Am I in focus? If I’m not in focus , this whole video will be completely pointless What’s shakin’ bakin’? I’m Joanie Simon Welcome to my studio this is where I do food photography. So, If you are into that, if you want to learn more about that, well go ahead and hit the subscribe button. but today, we’re talking all about focus because, I have been there. You know when you take that shot and like, oh my gosh the food looks so good, the light was perfect, everything was happening. only ’til you got into start editing it and you realized it was just slightly out of focus. ughhhhh. There’s nothing worse than that. It kills my soul. So what I want to do today, is show you how I achieve razor sharp focus exactly where I want it, When I’m working right here in my studio So if that sounds good to you, stick around Something that is seemingly so simple as capturing the proper focus in an image that’s actually a super complicated topic, so bear with me, but one thing I do wanna go ahead and give you a heads up on this video is that you definitely need to get out your camera and start experimenting with it and trying these things out because you know I’m a firm believer in the philosophy that you can’t learn to ride a bike from a seminar, just like you can’t learn to work your camera from just watching a goof ball on YouTube. So you bust out your camera, you start playing with the settings to start experimenting it’s gonna take a bit of of experimentation because, expecially when we get into the world of autofocus, it gets complicated. So hang in there with me. You might need to rewatch certain things over and be like…”What is she talking about?” and certainly if there are any questions after the fact, I’ve got the comments section below I’m happy to help ya out. And as per usual, I have a caveat–I mean there’s always a caveat to these videos, right? And this is specifically if you’re shooting on camera. OK? This is not for anybody who’s shooting tethered–that is a different process; which I will show you later. ‘cuz I definitely had some interest In creating a video about how I shoot tethered But this all about shooting on camera. So today I’m walking through all these steps on my Canon 70D which, this is my baby, this is what started my business so we’re goin’ back ti the OG-style on my Canon 70D and I’m shooting with a 50mm f/1.8 Good’ol “nifty fifty” So when it comes to cameras and the actual topic of focus and how a lens focuses, it’s actually quite a complicated topic. It’s a lot of fun to read up on, I’m not gonna go through it here but, I have linked some really helpful articles below, so you can go grab those if you wanna geek out and really get in to nitty gritty of how the light comes in through the lens, and converges and makes the image smaller, bounces off the mirror,—all that craziness. But first and foremost when it comes to focus… what you need to realize is that focus is like a flat plane, like a piece of cardboard, right? like we’ve got this little piece of cardboard…and how it behaves is it is parallel to your lens, right, because there’s glass inside this lens and that glass sits straight up and down and so your plane of focus is always parallel to the position of your lens so if all of the sudden I tilt my camera this way, then my plane of focus tilts this way. Make sense? Of course, the exception being a Tilt-shift lens, but we’re not talking about tilt-shift lenses today, we’re purely talking about regular lenses, as they’re typically being used. So like this bottle of honey right here, if we’re shooting straight at it; which means we have a flat plane of focus and we set that focus right on the front of that bottle, all of the front of the bottle is gonna be in focus. But, if all the sudden we decide instead of shooting straight at it, we’re shooting at an angle, then all of the sudden our plane of focus is now on an angle and only part of that label is gonna be in focus. And then the other thing to consider is the aperture. And we’ve talked about aperture here before on this channel if you’re not familiar with that term, or what it means, I’ve got a video all about it right up here, you can go grab that, but that is going to dictate our depth of field. OK? So, that is what is going to be in focus and how much of it is going to be focus. So if our focus is a flat plane, right? That if then we’re shooting wide open, like this lens at f/1.8 at it’s maximum aperture Then we’re having a razor thin area of focus. OK? So just things to keep in mind,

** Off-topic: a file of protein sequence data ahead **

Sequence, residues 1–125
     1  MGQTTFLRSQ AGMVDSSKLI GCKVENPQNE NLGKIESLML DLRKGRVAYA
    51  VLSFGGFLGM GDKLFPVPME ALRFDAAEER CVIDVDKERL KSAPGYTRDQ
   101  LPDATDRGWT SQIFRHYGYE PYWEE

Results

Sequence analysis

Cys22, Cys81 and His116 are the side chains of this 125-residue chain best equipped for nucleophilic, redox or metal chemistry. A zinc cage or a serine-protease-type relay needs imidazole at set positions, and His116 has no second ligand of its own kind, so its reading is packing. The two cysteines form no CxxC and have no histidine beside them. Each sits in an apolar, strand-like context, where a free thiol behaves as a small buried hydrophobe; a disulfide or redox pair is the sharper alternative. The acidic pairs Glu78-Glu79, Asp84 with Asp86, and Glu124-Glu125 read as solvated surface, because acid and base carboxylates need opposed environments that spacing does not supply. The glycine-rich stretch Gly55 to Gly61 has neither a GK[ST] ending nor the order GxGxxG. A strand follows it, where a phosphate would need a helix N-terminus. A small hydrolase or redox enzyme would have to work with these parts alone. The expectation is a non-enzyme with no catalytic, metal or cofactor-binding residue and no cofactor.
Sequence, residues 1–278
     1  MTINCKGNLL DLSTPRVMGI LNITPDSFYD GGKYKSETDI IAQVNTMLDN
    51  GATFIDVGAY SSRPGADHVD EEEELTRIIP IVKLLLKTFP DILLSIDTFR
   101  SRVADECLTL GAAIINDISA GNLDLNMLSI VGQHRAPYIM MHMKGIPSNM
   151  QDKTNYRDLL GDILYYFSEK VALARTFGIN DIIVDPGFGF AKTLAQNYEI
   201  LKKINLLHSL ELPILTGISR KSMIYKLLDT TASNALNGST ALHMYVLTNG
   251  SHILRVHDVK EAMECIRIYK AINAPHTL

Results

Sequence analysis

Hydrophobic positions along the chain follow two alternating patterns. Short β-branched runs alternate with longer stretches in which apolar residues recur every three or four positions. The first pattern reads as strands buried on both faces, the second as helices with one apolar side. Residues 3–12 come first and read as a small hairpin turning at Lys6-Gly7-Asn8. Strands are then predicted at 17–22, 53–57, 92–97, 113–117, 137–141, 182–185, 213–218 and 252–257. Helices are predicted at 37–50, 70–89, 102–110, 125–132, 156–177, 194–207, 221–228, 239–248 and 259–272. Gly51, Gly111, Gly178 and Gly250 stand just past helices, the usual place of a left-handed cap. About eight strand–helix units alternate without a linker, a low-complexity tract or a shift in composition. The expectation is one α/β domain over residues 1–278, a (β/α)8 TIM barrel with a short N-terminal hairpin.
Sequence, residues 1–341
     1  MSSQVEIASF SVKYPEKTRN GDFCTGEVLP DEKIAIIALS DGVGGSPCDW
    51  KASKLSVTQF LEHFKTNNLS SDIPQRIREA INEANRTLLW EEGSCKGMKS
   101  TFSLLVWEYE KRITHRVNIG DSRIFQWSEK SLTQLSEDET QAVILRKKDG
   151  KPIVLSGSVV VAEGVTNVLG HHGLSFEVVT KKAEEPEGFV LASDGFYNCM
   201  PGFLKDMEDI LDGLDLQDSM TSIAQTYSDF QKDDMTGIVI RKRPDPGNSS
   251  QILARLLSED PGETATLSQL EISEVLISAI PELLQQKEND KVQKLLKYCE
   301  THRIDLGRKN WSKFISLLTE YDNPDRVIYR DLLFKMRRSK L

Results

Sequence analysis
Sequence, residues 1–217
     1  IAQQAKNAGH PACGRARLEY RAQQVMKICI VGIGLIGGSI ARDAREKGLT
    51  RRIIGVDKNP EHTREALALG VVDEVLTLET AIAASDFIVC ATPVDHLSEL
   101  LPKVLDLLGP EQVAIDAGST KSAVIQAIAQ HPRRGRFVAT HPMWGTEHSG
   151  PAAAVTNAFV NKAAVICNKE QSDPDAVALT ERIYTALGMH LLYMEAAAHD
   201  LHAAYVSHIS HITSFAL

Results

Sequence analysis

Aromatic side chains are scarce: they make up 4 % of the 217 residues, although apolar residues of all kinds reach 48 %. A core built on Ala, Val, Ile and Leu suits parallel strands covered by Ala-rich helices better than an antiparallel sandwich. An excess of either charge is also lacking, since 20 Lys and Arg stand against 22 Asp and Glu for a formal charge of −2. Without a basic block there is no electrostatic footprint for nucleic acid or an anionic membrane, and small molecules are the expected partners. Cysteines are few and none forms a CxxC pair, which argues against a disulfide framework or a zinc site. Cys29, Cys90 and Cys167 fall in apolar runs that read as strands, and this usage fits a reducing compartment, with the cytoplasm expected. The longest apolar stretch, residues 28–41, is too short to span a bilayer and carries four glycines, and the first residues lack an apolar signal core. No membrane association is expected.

What is your aperture? What is your angle of approach and how is that affecting what is in focus in your image? So then once we’ve made those decisions about what angle we are approaching the subject how wide is our depth of field, then it’s all about setting the actual focus where we want it. And the way we do that is either through Manual Focus or through Auto Focus So let’s start with Manual, because that is actually the method of focus that I used most frequently here in the studio Simply because I am typically shooting on a tripod I’m typically shooting a scene I have crafted around specifically at the angle that I have my camera positioned and nothing is moving it’s all locked down. So I can just very quickly jump in and set manual focus. So if you’ve never done that before, what you want to do is get on the camera and you’ll notice it’s not on the body it’s on the lens, it says auto focus or manual focus “AF” or “MF” So you go ahead and move that over to manual focus and that will disable all auto focus abilities on the camera So then it’s job at that point to manually adjust the little mechanical focus ring that’s on here Now if you’re using the kit lens that came with the camera body that’s typically an 18-55mm, with an f/5.6. so that’s actually a zoom lens This is a Prime lense, right? It is always in that fixed 50mm position. Where as a zoom lens you can zoom in and out, right you’ve done that before.